In the 60s, Derbyshire worked for the BBC Radiophonic Workshop, which was essentially the sound effects department of the BBC. She was fascinated with music and the mechanics of sound, and had previously tried to get a job at Decca Records only to be told that women weren't allowed in the recording studios (Decca was also the record company that turned down the Beatles; talk about a company that couldn't recognize talent.) Derbyshire didn't actually compose the theme (that was done by a man named Ron Grainer) but she was responsible for setting his notes to music. The story gets even more intriguing when you realize how this was actually accomplished in a period before commercial synthesizers were readily available. It was a complicated process at the time which involved a lot of cutting, splicing, speeding up and slowing down fragments of analogue tape. Honestly, I read about what Derbyshire did on this Wikipedia page and couldn't make heads or tails of it. Let's just say she was extremely clever. When Grainer heard the finished product for the first time his astounded response was, "Did I write that?" to which Derbyshire responded, "Most of it."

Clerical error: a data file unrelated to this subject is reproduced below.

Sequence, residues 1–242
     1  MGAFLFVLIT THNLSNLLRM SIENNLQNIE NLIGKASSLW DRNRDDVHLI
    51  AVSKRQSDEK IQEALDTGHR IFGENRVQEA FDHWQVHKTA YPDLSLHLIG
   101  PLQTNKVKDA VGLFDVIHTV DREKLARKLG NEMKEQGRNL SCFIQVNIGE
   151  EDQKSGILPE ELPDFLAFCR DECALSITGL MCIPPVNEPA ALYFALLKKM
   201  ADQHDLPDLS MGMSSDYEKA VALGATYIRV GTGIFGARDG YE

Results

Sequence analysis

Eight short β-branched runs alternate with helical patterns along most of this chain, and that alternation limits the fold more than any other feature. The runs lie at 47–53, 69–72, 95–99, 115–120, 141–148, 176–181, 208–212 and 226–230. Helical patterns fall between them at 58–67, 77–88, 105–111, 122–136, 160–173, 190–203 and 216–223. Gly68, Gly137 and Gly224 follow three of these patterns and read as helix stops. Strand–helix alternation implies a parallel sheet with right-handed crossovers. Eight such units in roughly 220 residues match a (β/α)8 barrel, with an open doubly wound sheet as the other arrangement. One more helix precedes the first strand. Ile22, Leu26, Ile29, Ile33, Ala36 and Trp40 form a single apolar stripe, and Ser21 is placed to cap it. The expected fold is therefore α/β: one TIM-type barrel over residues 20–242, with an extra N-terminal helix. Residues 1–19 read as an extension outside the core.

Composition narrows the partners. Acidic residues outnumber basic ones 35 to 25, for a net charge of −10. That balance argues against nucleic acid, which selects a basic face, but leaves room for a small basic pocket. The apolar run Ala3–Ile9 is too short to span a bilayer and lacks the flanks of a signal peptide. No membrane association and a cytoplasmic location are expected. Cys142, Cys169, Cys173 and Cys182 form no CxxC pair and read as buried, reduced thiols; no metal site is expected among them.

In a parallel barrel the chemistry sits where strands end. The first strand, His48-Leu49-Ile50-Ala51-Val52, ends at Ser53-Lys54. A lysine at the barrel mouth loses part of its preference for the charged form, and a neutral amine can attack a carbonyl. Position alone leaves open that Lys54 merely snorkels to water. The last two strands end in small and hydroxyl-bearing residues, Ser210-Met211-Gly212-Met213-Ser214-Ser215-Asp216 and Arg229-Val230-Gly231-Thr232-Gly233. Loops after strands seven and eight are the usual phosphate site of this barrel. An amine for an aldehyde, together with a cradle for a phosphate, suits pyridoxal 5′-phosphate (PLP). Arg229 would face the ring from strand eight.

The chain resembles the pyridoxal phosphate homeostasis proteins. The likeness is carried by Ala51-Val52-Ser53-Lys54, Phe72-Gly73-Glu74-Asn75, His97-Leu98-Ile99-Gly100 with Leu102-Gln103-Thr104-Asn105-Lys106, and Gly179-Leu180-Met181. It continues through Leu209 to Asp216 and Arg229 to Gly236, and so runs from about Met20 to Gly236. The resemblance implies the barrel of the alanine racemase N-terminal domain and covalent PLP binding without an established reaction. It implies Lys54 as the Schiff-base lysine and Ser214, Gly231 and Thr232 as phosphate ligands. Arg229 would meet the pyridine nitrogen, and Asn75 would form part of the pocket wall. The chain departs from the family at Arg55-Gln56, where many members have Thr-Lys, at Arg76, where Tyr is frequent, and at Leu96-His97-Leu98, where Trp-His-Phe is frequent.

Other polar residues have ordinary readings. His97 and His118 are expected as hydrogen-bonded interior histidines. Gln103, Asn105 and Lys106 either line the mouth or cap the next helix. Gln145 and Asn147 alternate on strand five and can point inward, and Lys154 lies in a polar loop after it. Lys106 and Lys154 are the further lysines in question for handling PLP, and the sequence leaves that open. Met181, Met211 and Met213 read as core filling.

Every time the show came on PBS while I was a child, the theme gave me the chills. I was not the only one--apparently the BBC received complaints from at least one parent who said their son was terrified of the opening music. And yet, it's also strangely hypnotic. I can't think of a more appropriate, freaky TV theme for a sci-fi show!
Derbyshire was truly a pioneer of electronic music and would go on to have a lucrative career experimenting with music and producing scores for the theater and movie soundtracks (you can look up her work on YouTube) but the Doctor Who theme will always be her most famous piece. She deserves our kudos. Thanks, Delia, for freaking me out as a kid!